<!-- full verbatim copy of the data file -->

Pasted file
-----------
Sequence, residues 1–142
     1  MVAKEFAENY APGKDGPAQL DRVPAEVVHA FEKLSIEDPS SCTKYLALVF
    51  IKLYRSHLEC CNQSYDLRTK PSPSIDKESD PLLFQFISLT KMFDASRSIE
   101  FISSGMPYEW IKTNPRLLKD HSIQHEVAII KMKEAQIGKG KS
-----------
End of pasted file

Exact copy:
Sequence, residues 1–142
     1  MVAKEFAENY APGKDGPAQL DRVPAEVVHA FEKLSIEDPS SCTKYLALVF
    51  IKLYRSHLEC CNQSYDLRTK PSPSIDKESD PLLFQFISLT KMFDASRSIE
   101  FISSGMPYEW IKTNPRLLKD HSIQHEVAII KMKEAQIGKG KS